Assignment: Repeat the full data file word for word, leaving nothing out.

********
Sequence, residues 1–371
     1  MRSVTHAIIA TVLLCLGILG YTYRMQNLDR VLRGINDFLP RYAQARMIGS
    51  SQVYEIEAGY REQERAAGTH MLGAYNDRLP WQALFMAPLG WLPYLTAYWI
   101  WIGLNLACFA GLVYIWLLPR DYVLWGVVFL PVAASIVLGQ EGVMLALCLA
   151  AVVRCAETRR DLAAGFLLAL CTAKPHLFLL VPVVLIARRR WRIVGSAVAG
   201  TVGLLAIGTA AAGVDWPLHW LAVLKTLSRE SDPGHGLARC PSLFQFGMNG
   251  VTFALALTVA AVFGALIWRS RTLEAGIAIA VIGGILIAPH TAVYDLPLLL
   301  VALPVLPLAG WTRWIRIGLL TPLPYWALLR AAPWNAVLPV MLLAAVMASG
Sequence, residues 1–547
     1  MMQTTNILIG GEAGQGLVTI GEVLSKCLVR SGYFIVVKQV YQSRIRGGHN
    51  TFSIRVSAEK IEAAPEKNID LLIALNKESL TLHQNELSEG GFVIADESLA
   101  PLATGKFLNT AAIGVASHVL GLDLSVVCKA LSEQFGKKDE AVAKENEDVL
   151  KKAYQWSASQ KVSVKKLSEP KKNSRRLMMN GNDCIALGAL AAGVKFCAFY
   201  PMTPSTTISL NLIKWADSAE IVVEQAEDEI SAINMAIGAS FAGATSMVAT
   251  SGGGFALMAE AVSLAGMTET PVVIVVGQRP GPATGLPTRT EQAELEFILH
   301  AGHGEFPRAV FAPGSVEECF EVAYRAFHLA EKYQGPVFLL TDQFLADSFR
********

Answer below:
Sequence, residues 1–371
     1  MRSVTHAIIA TVLLCLGILG YTYRMQNLDR VLRGINDFLP RYAQARMIGS
    51  SQVYEIEAGY REQERAAGTH MLGAYNDRLP WQALFMAPLG WLPYLTAYWI
   101  WIGLNLACFA GLVYIWLLPR DYVLWGVVFL PVAASIVLGQ EGVMLALCLA
   151  AVVRCAETRR DLAAGFLLAL CTAKPHLFLL VPVVLIARRR WRIVGSAVAG
   201  TVGLLAIGTA AAGVDWPLHW LAVLKTLSRE SDPGHGLARC PSLFQFGMNG
   251  VTFALALTVA AVFGALIWRS RTLEAGIAIA VIGGILIAPH TAVYDLPLLL
   301  VALPVLPLAG WTRWIRIGLL TPLPYWALLR AAPWNAVLPV MLLAAVMASG
Sequence, residues 1–547
     1  MMQTTNILIG GEAGQGLVTI GEVLSKCLVR SGYFIVVKQV YQSRIRGGHN
    51  TFSIRVSAEK IEAAPEKNID LLIALNKESL TLHQNELSEG GFVIADESLA
   101  PLATGKFLNT AAIGVASHVL GLDLSVVCKA LSEQFGKKDE AVAKENEDVL
   151  KKAYQWSASQ KVSVKKLSEP KKNSRRLMMN GNDCIALGAL AAGVKFCAFY
   201  PMTPSTTISL NLIKWADSAE IVVEQAEDEI SAINMAIGAS FAGATSMVAT
   251  SGGGFALMAE AVSLAGMTET PVVIVVGQRP GPATGLPTRT EQAELEFILH
   301  AGHGEFPRAV FAPGSVEECF EVAYRAFHLA EKYQGPVFLL TDQFLADSFR